NEW YORK (WABC) -- Looking for love nowadays can not only break someone's heart, but it can also bust their wallet.
Romance scam losses reached $200 million last year, which is more than any other scam reported to the Federal Trade Commission.
It used to be older, lonely Americans falling prey, but millennials who exist primarily in a digital bubble are also getting "love-swindled" at an alarming rate.
Roughly 25,000 consumers reported being romanced into a scam last year, with most looking for love in all the right places, but sometimes wrong places on dating and social networking sites.
The FTC is warning love-seekers to spot telltale signs of a fake romance.
"He says he's from the U.S., but works out of the country," an FTC video warns. "Says he wants to visit, but asks you for money."
Scam sob stories include asking for help paying for cancer treatments, payments to repair car problems or asking for money to pay for transportation to visit someone in the flesh.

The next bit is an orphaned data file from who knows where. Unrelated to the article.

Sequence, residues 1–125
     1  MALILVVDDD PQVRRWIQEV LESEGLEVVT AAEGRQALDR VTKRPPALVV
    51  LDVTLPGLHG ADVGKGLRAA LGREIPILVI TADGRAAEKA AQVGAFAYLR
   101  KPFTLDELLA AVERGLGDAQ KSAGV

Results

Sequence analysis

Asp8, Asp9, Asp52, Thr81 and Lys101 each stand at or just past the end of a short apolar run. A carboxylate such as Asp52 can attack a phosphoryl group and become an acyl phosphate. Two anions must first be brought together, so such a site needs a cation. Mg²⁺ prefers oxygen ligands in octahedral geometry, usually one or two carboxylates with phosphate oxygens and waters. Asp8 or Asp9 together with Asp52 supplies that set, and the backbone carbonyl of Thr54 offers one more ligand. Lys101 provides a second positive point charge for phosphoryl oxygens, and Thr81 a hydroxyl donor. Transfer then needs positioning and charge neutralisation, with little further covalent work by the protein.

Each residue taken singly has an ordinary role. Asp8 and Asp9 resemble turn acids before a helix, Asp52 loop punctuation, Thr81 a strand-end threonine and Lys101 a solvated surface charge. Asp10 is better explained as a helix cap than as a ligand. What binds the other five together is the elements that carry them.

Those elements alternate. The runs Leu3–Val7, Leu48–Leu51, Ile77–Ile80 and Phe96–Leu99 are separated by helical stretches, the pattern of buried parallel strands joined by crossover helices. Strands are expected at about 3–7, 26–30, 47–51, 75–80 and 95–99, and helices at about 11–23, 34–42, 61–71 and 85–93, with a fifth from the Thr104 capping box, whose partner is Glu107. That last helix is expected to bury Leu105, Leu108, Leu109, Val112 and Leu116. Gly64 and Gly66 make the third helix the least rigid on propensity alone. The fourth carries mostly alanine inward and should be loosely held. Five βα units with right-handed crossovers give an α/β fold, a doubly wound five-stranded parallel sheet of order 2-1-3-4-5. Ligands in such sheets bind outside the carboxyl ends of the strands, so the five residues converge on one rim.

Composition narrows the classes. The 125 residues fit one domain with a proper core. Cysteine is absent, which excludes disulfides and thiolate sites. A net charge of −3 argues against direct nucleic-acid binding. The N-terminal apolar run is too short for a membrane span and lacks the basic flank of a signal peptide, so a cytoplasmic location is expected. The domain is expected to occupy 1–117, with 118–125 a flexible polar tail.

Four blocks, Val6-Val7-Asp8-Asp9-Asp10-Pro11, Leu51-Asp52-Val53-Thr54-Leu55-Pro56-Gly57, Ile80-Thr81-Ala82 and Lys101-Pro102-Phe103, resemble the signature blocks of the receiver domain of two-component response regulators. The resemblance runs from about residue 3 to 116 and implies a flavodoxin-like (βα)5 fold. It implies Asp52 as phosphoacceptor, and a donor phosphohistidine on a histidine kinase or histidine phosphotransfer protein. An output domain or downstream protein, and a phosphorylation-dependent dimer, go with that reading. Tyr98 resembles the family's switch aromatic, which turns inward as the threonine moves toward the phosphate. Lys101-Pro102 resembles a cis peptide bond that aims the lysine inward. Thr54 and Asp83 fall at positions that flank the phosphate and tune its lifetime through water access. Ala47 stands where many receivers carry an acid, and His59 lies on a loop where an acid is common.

"Catfishing" is when fraudsters hide behind fake profiles and photos and try to fool someone, often rushing people into an online relationship.
Telltale tip-offs to a phony profile are a person who says they're in the military, works an oil rig or is a doctor working for charity overseas. All jobs will make meeting face-to-face difficult, and if he or she asks for money, walk away, no matter how compelling the story.
The Big Takeaway
-NEVER send money or get gift cards for someone communicating with you online or on the phone.
-If you're suspicious, simply stop communicating.
-Do a reverse image search, where you take their profile picture to see if it comes up with another name or detail. Many times scammers steal pictures from other profiles.
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7 On Your Side tips on romance scams: Don't break your heart or your wallet